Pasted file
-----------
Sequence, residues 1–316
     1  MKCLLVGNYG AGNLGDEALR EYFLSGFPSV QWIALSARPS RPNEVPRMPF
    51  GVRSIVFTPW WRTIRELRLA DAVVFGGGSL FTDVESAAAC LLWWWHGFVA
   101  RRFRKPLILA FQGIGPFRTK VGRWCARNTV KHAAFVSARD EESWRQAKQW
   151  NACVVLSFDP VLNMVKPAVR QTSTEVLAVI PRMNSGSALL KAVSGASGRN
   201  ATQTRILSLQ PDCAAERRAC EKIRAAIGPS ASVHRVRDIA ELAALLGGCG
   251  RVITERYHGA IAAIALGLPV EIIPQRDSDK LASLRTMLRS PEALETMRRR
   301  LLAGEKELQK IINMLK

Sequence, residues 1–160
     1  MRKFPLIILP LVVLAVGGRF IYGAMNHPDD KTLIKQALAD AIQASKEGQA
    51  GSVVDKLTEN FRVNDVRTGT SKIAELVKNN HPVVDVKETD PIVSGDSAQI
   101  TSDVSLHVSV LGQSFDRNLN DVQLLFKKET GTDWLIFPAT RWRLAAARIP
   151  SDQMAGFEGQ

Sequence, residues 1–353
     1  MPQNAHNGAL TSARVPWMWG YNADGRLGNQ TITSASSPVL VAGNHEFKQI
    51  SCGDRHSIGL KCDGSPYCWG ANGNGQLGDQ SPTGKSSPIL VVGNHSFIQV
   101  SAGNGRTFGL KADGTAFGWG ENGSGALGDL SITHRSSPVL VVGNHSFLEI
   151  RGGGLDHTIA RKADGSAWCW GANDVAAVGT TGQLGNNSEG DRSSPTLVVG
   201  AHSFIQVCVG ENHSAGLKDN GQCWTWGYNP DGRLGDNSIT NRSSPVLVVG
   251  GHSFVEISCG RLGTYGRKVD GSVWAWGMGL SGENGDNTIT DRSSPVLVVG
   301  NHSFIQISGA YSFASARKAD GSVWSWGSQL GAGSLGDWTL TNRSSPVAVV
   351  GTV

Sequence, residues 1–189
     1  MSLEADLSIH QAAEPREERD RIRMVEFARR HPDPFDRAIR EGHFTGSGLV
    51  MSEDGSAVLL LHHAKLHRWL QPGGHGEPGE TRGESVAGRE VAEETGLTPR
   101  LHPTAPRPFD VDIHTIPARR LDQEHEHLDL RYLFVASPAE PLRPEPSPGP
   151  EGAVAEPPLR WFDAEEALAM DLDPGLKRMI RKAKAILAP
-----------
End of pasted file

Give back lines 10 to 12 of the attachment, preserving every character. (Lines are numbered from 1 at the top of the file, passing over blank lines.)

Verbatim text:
     1  MRKFPLIILP LVVLAVGGRF IYGAMNHPDD KTLIKQALAD AIQASKEGQA
    51  GSVVDKLTEN FRVNDVRTGT SKIAELVKNN HPVVDVKETD PIVSGDSAQI
   101  TSDVSLHVSV LGQSFDRNLN DVQLLFKKET GTDWLIFPAT RWRLAAARIP